WASHINGTON – The admiral who developed two controversial Pentagon database programs quickly killed by Congress is leaving his post as head of the Information Awareness Office at the Defense Advanced Research Projects Agency (search).
Senior Defense Department officials said Thursday John Poindexter (search) will resign from his advisory position in the "next few weeks."
"My understanding is that he is working through the details, and he expects to, within the next few weeks, offer his resignation," the official said.
Earlier in the week, the Pentagon agreed to kill a "predictive markets" Web site that invited participants to bet on the likelihood of terror attacks and upheaval in the Middle East and other global hotspots. The Future Markets Applied to Predictions (search) program would have allowed traders to buy and sell futures contracts based on their predictions about activities such as attempted assassinations of Palestinian leader Yasser Arafat or a biological weapons attack on Israel.
The program was killed within days of the start of trader registration after lawmakers said they in no way authorized the funding for the program.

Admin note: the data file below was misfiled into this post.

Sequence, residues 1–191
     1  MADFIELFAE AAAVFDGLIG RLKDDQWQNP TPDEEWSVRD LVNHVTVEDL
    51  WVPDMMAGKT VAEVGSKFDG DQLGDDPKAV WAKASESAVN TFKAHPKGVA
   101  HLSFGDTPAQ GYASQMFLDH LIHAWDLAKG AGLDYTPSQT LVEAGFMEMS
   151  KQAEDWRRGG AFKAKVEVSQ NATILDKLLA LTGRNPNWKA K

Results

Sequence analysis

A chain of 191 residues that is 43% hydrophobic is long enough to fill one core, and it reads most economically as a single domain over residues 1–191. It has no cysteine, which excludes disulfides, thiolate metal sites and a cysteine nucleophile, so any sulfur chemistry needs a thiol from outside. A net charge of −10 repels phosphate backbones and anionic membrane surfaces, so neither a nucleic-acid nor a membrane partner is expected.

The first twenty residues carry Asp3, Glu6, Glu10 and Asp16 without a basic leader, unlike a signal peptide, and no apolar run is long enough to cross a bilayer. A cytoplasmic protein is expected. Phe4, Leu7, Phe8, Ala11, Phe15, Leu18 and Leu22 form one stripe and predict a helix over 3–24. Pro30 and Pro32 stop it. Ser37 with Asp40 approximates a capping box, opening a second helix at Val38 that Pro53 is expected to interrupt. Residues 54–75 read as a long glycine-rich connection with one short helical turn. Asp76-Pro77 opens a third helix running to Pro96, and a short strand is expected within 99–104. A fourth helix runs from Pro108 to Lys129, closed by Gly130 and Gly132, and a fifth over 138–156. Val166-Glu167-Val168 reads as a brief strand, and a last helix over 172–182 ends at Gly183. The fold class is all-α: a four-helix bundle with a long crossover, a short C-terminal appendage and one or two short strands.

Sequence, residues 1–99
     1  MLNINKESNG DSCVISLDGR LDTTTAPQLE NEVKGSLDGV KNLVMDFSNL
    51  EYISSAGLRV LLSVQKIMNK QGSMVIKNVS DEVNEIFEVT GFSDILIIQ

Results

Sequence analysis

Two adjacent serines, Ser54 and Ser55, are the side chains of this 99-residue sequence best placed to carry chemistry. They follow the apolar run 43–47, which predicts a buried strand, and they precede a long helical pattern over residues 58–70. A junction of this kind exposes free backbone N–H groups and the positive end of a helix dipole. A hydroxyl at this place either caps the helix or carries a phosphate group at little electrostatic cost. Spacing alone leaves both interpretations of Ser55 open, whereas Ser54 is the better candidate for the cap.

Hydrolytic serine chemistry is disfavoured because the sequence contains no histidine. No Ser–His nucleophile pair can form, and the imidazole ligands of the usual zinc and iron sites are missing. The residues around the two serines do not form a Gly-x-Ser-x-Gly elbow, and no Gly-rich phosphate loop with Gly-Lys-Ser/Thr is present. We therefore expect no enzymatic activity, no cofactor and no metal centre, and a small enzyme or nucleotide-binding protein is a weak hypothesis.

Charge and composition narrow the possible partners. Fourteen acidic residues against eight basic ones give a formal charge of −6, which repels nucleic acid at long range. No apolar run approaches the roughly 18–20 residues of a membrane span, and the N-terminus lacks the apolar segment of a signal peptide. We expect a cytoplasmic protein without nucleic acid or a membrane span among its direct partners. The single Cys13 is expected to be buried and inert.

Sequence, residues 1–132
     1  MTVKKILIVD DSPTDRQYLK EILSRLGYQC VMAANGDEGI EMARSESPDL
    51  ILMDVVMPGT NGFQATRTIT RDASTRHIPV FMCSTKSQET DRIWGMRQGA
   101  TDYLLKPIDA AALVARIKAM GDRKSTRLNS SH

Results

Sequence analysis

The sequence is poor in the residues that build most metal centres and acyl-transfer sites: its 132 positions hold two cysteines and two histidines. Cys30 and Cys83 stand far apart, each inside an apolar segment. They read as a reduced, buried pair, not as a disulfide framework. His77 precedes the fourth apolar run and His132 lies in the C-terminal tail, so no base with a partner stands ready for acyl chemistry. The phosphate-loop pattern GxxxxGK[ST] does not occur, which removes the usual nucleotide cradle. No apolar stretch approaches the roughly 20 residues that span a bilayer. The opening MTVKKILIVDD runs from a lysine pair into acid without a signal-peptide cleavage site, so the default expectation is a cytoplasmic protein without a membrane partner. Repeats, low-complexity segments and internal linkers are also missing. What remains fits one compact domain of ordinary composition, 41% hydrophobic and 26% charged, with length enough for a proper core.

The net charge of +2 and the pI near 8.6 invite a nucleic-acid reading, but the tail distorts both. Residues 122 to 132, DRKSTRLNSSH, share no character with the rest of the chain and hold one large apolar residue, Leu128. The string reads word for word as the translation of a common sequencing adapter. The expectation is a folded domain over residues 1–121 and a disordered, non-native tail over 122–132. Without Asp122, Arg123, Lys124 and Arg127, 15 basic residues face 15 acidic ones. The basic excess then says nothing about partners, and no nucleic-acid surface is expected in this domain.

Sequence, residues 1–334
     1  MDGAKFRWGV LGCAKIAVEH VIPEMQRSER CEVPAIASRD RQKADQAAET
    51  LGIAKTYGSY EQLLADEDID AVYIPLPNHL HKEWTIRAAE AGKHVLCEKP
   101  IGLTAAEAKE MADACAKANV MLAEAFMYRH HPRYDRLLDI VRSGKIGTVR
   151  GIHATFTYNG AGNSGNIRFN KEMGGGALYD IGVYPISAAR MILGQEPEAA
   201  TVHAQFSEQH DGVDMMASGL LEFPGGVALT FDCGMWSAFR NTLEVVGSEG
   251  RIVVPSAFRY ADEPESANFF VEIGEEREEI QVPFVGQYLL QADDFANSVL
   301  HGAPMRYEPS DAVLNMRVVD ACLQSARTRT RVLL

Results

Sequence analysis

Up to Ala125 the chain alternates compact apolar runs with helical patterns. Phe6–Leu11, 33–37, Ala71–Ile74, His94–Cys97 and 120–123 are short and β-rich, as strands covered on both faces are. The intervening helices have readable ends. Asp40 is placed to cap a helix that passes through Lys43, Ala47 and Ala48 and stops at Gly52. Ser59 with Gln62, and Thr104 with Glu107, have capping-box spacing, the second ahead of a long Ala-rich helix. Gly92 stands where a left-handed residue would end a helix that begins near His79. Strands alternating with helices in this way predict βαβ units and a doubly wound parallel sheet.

Congress also is refusing to fund the Total Information Awareness (search) program, another project conceived by Poindexter's office. TIA envisioned a massive data collection system that would have been able to track personal information and commercial transactions of just about anybody. It was the subject of piercing scrutiny by privacy advocates.
Senior officials said the admiral and Defense Secretary Donald H. Rumsfeld realized that such unflinching attention to the Information Awareness Office (search) has been and would be counterproductive.
"I think his decision was probably a wise one," said Senate Intelligence Committee Chairman Pat Roberts, a Kansas Republican.
Poindexter is no stranger to political storms. As former national security adviser to President Reagan, he was a key figure in the 1980s Iran-Contra scandal.
Poindexter's supporters said even if the futures market was ill-conceived, it demonstrated creative thinking. Observers warned that removing from office the individuals who were thinking outside the box would do damage to an already stifled bureaucracy that has the heavy burden of trying to prevent future terror attacks.
The official who announced Poindexter's departure described the admiral's thought processes and methods as "certainly unorthodox. They are cutting-edge and beyond.
"He is someone with a very creative intellect, and he intends to focus that on counterterrorism," the official said, indicating that Poindexter could still contribute to Pentagon strategizing.Fox News' Bret Baier and Ian McCaleb and the Associated Press contributed to this report.